From Zombie Mall to Fulfillment Center

From Zombie Mall to Fulfillment Center

Euclid Square Mall outside Cleveland, Ohio, was a thriving center of the community in the 1970s and 1980s. By the 1990s, it was one of the nation’s notorious “abandoned malls” and the site was prime for redevelopment. Enter the teams from Seefried Industrial Properties, Langan Engineering & Environmental Services, and The Whiting-Turner Contracting Company, who came together at I.CON East 2019 to walk through the project’s redevelopment from a dead mall into a modern fulfillment center.

One of the key aspects to the project was understanding the land components that made up the parcel. Although the mall appears to be situated on one contiguous block of land, it actually spans across 10 parcels that have various easements. A positive aspect of Euclid Square: the land was under a single ownership, which isn’t always the case depending on the anchor tenants. Outparcels surrounding the mall – like restaurants, banks and a strip mall – had rights to the ring road that surrounded the parking lot, as well as the utilities, so agreements had to be made during the redevelopment plans.  

Fully investigating the environmental risks before demolition was at the top of the list for the redevelopment partners. Before its four decades as a shopping mall, the site had been home to the Chase Brass Mill from 1929-1975. Seefried Industrial Properties hired geotechnical engineers to explore what was happening under the slab of the mall and, to their surprise, they found an additional slab and a basement four feet below the mall slab. While they didn’t identify significant environmental concerns, it gave the company a full appreciation for the health and viability of the site.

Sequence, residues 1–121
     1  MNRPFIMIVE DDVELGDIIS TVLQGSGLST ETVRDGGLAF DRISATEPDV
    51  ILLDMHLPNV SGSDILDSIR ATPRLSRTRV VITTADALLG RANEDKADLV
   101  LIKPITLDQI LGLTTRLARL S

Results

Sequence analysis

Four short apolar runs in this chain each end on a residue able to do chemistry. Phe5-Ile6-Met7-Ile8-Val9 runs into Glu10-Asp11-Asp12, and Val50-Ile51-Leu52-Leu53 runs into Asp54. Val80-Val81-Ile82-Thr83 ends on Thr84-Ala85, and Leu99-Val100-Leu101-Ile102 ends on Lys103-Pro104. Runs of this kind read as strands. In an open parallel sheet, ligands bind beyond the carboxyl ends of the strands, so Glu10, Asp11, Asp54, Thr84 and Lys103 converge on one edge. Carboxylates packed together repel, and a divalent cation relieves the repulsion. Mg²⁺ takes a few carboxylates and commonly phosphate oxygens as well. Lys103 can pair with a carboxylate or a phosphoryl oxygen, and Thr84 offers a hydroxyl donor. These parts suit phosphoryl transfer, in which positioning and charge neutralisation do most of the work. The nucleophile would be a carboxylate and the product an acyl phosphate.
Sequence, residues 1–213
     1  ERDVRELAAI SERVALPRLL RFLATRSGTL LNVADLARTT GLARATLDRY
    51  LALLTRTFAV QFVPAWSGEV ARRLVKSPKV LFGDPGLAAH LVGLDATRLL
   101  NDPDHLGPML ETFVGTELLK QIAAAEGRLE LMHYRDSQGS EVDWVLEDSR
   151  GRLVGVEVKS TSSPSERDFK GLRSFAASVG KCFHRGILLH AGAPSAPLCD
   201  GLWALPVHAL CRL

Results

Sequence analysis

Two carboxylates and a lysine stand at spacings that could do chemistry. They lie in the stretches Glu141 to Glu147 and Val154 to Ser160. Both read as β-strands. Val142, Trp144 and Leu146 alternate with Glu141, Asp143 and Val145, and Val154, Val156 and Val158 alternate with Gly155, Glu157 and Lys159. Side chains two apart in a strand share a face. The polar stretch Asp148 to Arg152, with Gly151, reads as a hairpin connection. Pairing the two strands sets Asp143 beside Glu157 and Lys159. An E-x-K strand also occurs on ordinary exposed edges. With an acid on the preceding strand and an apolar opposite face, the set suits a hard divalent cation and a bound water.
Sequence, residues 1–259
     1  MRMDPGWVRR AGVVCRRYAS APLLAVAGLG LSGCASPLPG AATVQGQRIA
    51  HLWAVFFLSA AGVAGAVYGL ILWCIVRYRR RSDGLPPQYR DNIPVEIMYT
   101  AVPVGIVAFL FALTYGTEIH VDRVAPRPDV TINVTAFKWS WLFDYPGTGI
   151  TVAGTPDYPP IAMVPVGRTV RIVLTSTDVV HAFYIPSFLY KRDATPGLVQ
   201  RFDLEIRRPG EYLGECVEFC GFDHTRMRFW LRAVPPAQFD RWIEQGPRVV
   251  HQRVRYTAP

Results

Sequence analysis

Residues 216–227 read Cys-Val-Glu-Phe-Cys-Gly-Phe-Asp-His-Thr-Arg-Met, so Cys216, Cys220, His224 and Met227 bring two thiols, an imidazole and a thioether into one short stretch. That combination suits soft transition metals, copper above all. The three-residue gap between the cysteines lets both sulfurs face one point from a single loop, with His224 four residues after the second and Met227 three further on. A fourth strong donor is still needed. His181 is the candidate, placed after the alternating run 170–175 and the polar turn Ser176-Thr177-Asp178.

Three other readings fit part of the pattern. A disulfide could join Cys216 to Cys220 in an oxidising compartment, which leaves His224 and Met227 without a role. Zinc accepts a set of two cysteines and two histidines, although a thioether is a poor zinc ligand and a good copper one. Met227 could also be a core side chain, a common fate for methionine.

Seefried proceeded with a phased cleanup and engaged a certified professional who created documentation explaining to the capital partner the detailed cleanup and environmental remediation, which met the standards for industrial property without going to the expense and time commitment of achieving residential standards, which weren’t necessary for the site.

Traffic considerations played a major role in the redevelopment strategy. Langan recommended widening lanes and proposed traffic light changes that improved traffic flows to patterns more aligned with employee shift work instead of the continuous movement of shoppers entering and leaving the mall.

The panel agreed that the most important part of the redevelopment process was engaging with the local community, from the municipal government to the mayor’s office to the surrounding residents. The municipality wanted something done with the blighted mall, and the team wanted their support during the entitlement process and beyond.

The site was bordered on the south by residential neighborhoods, which was also the side of the facility that had loading dock facilities. Seefried completed a sound study that showed some decibels that were higher than the industry standard but still within reasonable levels. Nevertheless, the company took on the expense of constructing a sound wall to shield residents during the project construction, acting in good faith during development rather than having to react later to complaints.

The group also considered the workforce of the facility and their modes of transportation during cold, snowy Cleveland winters. They worked with regional transit authority to extend the public bus line directly onto the property, allowing employees to avoid a three-quarters of a mile walk from the stop to the project entrance.

The project yielded 3,000 jobs through construction and permanent positions, and the panel agreed that there’s not much about the redevelopment process that they would change about the engineering or structural components of the project.

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